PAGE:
When I perused the London Fashion Week events schedule earlier this week I was intrigued and thrilled to read about something called the Model Zone.
Essentially, the Model Zone provides models with a place to eat, drink and rest between LFW shows and presentations. Magazines are sprawled over coffee tables, chilled out music fills the room and there is a plethora of snacks and meals on hand from the coolest and healthiest eateries London has on offer.
The Model Zone, an initiative of the British Fashion Council as part of the Model Health Programme also provides a psychologist who is available daily for private sessions with models.
Having worked behind the scenes at LFW, I have witnessed first hand the pressure and stress that models are frequently placed under. At one casting a young model mid stride rolled her ankle. Like a baby giraffe attempting its first steps, her lanky legs collapsed under her and she sat on the floor with a look of defeat, "I rolled it during a big show in New York Fashion Week, but I have to keep going," she said as I stared at her notably swollen and painful looking ankle. With determination she stood back up and with a slight hobble carried on like a trooper.
Whilst there are a lot of perks within the modelling industry, many of which I am awfully jealous of, it is an incredibly glamourised industry that is often considered frivolous and not recognised as the unforgiving, relentless and tiring business it in fact is.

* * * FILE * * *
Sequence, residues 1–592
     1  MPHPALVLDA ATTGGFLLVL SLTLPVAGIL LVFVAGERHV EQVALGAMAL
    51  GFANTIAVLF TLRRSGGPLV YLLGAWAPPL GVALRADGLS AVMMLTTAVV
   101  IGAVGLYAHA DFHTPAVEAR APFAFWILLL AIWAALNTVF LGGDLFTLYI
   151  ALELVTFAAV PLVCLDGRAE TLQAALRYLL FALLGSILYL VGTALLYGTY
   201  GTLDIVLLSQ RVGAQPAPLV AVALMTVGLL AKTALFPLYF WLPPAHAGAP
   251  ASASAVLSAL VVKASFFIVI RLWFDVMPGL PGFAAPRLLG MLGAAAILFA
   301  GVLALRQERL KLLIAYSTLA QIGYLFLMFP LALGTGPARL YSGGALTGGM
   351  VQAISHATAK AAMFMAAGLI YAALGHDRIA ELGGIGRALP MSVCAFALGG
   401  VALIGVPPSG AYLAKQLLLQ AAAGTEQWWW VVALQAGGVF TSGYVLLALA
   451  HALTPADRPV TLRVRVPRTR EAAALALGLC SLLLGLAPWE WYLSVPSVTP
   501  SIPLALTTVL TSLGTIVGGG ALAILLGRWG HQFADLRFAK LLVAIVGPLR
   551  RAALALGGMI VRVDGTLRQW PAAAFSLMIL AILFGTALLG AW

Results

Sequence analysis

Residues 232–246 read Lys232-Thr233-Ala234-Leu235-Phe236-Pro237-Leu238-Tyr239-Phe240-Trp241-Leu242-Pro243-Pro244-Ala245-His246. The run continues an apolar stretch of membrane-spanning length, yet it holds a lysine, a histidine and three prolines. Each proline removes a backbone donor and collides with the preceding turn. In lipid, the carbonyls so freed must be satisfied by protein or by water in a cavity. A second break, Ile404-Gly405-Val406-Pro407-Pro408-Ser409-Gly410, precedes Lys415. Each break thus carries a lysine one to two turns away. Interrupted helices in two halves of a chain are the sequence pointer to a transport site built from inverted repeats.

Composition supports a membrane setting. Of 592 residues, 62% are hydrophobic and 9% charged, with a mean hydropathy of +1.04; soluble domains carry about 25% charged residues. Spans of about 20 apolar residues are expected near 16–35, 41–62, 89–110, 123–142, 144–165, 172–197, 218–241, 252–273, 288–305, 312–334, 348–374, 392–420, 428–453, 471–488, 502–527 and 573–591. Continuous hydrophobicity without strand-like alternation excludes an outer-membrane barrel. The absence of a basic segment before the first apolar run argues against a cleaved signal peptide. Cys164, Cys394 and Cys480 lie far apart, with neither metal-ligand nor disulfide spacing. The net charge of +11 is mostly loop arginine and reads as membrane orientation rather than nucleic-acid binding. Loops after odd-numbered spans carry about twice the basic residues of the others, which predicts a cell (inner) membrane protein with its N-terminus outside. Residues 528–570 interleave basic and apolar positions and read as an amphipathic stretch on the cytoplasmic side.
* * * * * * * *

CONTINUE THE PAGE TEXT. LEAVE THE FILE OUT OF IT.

Supermodel Cara Delevingne typically may be perceived as fun loving and living a carefree life. However during fashion weeks Cara is known to suffer from stress induced psoriasis. At Paris Fashion Week in March 2013 Kate Moss saw Cara in such a state that she demanded she seek medical treatment. If Cara, with the world at her feet is not immune to the stress of the industry just imagine what it can do to aspiring models who are younger and in a more vulnerable state.
While we could pass it off by simply saying this is a just part of the business, I strongly believe that each member of the fashion industry has an obligation to protect models, firstly for their own wellbeing and secondly because models are so admired and copied by people everywhere. An initiative like the Model Zone, which is expected to make models happier and healthier during this high-pressured week is a major step in the right direction.
From all recounts the Model Zone is a huge success, providing a calm amongst the chaos. It is a testament to the work that the British Fashion Council does and the positive changes they are making to the industry. I trust and hope that every fashion week around the world quickly follows suit.
Image copyright: British Fashion Council